Although trends and movements in the U.S. are said to start at the coasts and make their way inland, one Midwest university is a leader when it comes to health, sustainability and local ingredients in its foodservice programs.

The University of Kansas, Lawrence started its push six years ago, when it merged retail and foodservice dining operations, creating KU Dining Services as a stronger presence on campus. Since then, the university has continued to make changes, including using local products on the menu.

Local sourcing is part of a bigger university goal to reduce its carbon footprint, said Nona Golledge, director of KU Dining Services. Golledge is also president-elect of the National Association of College & University Food Services.

“We’re a big user of resources, so we’ve committed to reducing our carbon footprint,” Golledge said.

KU Dining Services feeds more than 10,000 students and faculty per day through 22 foodservice outlets, including four residential dining halls, four retail cafes, seven snack bars, five coffee houses, one full-service restaurant, catering and its athlete tray table program.

The campus’ Better Bites program for healthier eating has been around a decade, but the university as a whole is trying to encourage wellness in recent years, not only with food, Golledge said.

“There’s always been a small population of students interested in healthier items, but there’s always been a small population not interested,” Golledge said. “The group that’s more health conscious has expanded. I have seen a slight shift in interest in wellness.”

Snack stations at KU have more healthful snack items, including grapes, vegetable sticks and salads, Golledge said.

“We’re creating signage to highlight these items, hopefully to encourage students to make those selections on a more frequent basis,” Golledge said. “We’re tracking if that percentage is going up.”

The university has been renovating dining facilities. Fresh ingredients are especially prevalent in dishes created at stations where food is cooked in from of them.

KU doesn’t seem to be short on talented foodservice staff — its executive chef and another staff member were recognized by the National Association of College & University Food Services this year for vegan and vegetarian dishes.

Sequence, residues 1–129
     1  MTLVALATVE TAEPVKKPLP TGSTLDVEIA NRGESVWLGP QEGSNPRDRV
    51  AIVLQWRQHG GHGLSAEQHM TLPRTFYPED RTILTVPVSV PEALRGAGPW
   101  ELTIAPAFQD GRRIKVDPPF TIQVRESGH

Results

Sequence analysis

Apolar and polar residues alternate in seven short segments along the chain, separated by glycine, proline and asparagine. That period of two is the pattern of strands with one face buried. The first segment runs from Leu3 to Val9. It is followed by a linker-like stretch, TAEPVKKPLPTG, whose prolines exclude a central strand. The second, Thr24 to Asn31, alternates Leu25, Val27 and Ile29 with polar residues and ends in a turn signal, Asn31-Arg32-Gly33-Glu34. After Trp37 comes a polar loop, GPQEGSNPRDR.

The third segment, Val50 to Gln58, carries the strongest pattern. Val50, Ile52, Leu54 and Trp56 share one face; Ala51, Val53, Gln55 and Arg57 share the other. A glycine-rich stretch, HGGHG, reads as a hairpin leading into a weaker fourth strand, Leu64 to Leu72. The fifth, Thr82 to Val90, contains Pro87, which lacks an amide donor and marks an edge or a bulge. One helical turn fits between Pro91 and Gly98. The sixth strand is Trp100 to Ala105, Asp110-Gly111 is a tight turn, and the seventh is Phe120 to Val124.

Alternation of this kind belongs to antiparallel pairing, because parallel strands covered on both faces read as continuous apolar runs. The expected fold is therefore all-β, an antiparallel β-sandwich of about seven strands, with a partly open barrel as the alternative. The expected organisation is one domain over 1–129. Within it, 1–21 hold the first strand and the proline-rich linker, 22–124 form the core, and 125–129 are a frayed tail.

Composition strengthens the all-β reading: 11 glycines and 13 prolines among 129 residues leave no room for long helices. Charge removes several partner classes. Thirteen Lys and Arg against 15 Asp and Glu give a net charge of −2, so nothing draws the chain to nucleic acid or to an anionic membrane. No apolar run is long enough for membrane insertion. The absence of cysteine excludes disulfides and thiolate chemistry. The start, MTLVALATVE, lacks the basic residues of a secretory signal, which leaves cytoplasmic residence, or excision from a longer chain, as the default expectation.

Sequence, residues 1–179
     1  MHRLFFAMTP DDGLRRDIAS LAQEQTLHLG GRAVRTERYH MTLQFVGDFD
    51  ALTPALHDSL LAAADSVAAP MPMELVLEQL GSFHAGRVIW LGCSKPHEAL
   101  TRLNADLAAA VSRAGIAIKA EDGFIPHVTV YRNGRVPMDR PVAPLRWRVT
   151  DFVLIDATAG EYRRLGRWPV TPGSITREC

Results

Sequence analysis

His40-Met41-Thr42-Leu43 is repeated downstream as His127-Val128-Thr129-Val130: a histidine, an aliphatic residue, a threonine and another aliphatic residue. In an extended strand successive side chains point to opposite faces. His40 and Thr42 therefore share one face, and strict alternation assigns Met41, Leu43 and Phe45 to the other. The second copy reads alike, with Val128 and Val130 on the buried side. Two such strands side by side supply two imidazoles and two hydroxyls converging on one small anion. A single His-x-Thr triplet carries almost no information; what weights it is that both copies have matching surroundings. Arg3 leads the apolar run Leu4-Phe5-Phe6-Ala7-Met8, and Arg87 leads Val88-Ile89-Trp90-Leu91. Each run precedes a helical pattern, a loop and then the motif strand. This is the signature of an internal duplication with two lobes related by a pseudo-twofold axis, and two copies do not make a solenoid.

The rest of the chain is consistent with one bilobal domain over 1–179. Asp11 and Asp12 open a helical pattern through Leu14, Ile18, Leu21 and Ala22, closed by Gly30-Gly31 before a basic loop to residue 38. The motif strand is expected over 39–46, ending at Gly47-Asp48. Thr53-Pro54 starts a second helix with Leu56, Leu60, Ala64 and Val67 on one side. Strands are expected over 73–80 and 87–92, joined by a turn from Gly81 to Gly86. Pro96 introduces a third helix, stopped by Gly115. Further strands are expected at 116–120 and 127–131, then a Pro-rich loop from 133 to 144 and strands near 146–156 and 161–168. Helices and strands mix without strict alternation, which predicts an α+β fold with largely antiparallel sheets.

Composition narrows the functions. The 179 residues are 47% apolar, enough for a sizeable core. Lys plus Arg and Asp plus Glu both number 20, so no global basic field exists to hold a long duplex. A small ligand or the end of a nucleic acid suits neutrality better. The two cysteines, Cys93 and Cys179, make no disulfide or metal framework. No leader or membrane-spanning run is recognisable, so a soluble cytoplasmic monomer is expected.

“A lot of it is about education and awareness of healthier options for students when they’re not only eating in our facilities, but out in the world,” Golledge said. “In doing this we had a lot of policies and procedures to work out, and also facility enhancements we worked on prior to these goals.”

To promote its local program, the university had a farm-to-fork event this year, and invited local growers and representatives from businesses including Sysco Kansas City to host educational booths and talk to students about their products. KU is in its second year working with Sysco to source local produce through its connection with Good Natured Family Farms, a network of more than 150 family farms within 200 miles of the Kansas City metropolitan area.

Golledge said at the end of last year, Dining Services worked with Diana Endicott, founder and current director of the network, to maximize local sourcing for the 2010-11 school year.

“She suggested we focus on a couple items first, since we are so large,” Golledge said. “We chose cucumbers and tomatoes, so last December, we provided farms in Rich Hill, Mo., with what we needed, and they planned that into their farming production.”

Although seasons for many Kansas and Missouri commodities are only weeks long, KU has a farm cart in its retail café year-round. What is filled with vegetables, apples and even berries in the summer months, when campus traffic is at a minimum, is kept afloat with local coffee, popcorn and other shelf-stable items through the school year.

Chefs in the university’s full-service restaurant use ingredients grown on the roof of the campus’ Union in a rooftop garden that was started three seasons ago, Golledge said. By 2010, what started out as an herb garden has tripled in size and includes tomatoes, peppers and other vegetables. Most of the ingredients are used at the full-service restaurant or in the university’s catering department.

“That has been a really fun program for the chefs,” Golledge said.

For the first time this year, the school purchased watermelon and tomatoes at the end of the season from local growers and froze it for use in watermelon lemonade, soups and sauces.